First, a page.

Unions should make demands, but they must do it smartly

Unions need to go to the negotiating table thinking about their members, but also thinking about the long-term viability of the state.

Something we’re terrible at as a nation is negotiation.

Look around you. Universities are shut down because SRCs have encouraged protest. Businesses are closed because landlords expected full rent during lockdown. We’re even still miles away from the legal private weed legislation we were promised years ago because the legislature is too busy recovering from a perpetual ‘point of order’ whiplash.

Yet, we wonder why graduates are unemployable, why small business is struggling and why something like the Domestic Partnership Bill, designed to resolve vital societal issues, hasn’t moved much further than where it was in 2008.

Holding SA hostage

This tradition of leveraging power in numbers to get your way without any regard for the bigger picture has been holding the nation hostage for a while. It’s a misapprehension of how democracy works; one doesn’t call the shots for their own benefit just because they’re in the majority. One calls the shots for the benefit of the nation because they’re in the majority. That’s a wishful thought by the looks of things at the moment, but it need not be that way.

This is where the unions can finally step in and do something for the nation. It’s not like they’ve really done much else over the last few years so I’d say they owe us. And this is not some appeal to say they need to let go of their demands and expectations of nice increases. Who could fault anybody for wanting more, especially when they believe they deserve it?

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This is an appeal to read the room! Telkom is retrenching people. Transnet can hardly move two trains simultaneously on either side of the nation and Eskom… they can’t keep the lights on. Then you have that small embarrassment of municipalities that can’t provide basic services, schools that cannot teach and hospitals that have well paid staff, but no equipment nor medicine for the staff to do very much.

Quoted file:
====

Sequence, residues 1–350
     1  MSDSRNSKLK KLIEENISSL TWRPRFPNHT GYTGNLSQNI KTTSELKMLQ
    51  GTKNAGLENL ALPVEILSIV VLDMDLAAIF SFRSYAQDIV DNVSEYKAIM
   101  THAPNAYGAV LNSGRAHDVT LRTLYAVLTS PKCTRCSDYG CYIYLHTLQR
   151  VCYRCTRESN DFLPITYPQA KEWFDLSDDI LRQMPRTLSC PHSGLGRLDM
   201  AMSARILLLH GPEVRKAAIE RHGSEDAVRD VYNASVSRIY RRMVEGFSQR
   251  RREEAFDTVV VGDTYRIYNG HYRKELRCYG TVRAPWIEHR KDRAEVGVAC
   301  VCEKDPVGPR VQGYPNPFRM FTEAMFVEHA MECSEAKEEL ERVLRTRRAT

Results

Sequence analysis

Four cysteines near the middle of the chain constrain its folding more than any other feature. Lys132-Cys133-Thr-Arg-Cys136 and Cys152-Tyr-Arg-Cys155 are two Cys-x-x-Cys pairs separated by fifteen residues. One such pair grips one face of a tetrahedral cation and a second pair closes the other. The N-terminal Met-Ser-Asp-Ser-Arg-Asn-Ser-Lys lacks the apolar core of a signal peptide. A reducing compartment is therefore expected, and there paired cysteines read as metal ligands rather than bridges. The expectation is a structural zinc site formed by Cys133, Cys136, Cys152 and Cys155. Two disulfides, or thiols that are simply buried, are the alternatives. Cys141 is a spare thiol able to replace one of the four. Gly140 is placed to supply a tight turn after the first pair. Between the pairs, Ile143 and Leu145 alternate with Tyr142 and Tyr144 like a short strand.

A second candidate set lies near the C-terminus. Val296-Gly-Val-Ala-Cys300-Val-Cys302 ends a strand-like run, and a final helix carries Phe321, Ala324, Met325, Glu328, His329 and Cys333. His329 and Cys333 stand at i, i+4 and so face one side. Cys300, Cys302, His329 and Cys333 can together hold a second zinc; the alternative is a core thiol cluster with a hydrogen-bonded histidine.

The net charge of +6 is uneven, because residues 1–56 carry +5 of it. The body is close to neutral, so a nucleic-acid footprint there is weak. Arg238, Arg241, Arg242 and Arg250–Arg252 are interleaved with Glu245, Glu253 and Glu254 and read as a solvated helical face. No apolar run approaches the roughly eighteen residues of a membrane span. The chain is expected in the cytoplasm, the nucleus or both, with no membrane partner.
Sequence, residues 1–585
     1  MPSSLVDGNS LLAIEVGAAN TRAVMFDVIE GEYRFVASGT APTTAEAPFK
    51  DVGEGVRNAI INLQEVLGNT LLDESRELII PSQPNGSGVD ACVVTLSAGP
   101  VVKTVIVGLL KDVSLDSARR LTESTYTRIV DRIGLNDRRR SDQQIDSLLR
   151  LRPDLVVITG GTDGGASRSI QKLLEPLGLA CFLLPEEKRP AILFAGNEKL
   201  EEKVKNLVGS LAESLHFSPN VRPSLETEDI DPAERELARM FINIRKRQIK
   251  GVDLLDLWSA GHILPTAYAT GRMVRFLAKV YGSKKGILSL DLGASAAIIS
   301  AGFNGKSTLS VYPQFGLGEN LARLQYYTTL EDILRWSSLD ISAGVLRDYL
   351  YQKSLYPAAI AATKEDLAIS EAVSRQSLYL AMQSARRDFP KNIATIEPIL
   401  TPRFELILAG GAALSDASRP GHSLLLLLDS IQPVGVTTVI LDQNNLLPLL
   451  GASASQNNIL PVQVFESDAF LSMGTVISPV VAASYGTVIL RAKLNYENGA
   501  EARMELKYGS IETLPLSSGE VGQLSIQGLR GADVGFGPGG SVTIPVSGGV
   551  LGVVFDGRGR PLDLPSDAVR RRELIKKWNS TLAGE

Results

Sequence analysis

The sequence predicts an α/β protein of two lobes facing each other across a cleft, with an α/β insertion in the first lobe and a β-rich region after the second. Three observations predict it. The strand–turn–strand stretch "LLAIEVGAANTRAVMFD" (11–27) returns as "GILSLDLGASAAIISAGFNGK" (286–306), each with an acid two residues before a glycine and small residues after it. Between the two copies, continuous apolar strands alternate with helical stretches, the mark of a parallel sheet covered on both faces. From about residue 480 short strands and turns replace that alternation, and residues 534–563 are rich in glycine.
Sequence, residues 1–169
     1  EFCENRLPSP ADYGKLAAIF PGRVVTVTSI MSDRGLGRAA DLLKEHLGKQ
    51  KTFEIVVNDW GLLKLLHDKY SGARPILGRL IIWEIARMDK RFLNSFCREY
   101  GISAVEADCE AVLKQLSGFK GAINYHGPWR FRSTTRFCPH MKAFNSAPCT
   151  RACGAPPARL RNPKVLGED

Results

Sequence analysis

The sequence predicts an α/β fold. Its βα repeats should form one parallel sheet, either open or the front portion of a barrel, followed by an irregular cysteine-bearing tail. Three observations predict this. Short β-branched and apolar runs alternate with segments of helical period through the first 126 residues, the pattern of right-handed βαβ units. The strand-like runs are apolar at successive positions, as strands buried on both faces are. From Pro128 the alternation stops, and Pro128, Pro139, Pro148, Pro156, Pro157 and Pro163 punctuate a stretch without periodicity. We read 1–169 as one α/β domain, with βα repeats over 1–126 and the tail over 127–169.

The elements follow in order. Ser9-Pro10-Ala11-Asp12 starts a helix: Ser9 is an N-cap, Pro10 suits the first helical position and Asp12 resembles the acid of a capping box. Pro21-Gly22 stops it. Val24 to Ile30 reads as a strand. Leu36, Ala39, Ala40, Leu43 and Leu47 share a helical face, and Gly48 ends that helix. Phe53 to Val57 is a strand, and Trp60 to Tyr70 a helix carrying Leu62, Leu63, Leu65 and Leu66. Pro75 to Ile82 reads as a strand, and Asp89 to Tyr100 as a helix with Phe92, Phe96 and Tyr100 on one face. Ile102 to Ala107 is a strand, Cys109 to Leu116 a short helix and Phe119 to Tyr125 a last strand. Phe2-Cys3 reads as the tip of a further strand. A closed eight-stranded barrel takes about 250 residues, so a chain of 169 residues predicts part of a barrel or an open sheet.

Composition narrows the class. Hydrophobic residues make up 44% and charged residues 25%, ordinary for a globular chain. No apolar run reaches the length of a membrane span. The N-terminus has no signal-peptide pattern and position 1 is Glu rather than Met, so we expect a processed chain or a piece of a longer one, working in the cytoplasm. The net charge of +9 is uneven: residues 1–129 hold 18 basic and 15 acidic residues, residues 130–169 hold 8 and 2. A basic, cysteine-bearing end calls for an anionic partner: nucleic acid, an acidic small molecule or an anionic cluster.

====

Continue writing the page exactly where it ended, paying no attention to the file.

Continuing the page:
Everyone will suffer

Things aren’t that great at the moment, y’know, if you haven’t noticed and, yes, again, not me saying that you can’t ask for more money. It is, however, me saying that the money doesn’t seem to be there and the more you milk it, the harder you force the national debt, the higher you drive bloated wage bills, your members will suffer… eventually, as will their children. We all will. So, let’s consider that a little too.

And yes, it will be easy to shirk it off and say it’s not your problem and the trouble will only start when you’re sitting in retirement but I’m willing to bet that your retirement fund won’t be able to carry you over any sense of exorbitant inflation. They thought that about the electricity, and look at how much you’re paying for it now.

Negotiate with your thinking caps on

So how about this? Unions. Go to the negotiating table with your thinking caps on. Think about your members while thinking about the long-term viability of the state. Make your demands and add something to your list… give something. Try it. Anything. Get your members to agree to take 15 minutes less for lunch. Set targets of improved output and mechanisms to hold them to account. Why not even commit to more stringent rules so that work can get done.

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From an individual perspective, I get it that one may feel entitled to an increase. It’s just that the increase has to come from somewhere and I’d prefer that the individuals make it viable rather than putting themselves out of a job eventually. Having said that, I’d once again encourage you to read the room.

Strike, make demands, express yourselves; it’s all good. You’re part of South Africa too and it’s important that you enjoy your freedoms and rights as much as the next person. It just doesn’t mean that you’re exempt from assisting with solving our problems. It’s important that you realise this soon because things aren’t looking that great with economic growth, business, tax revenue and that lovely leadership lacuna.

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South Africa Unions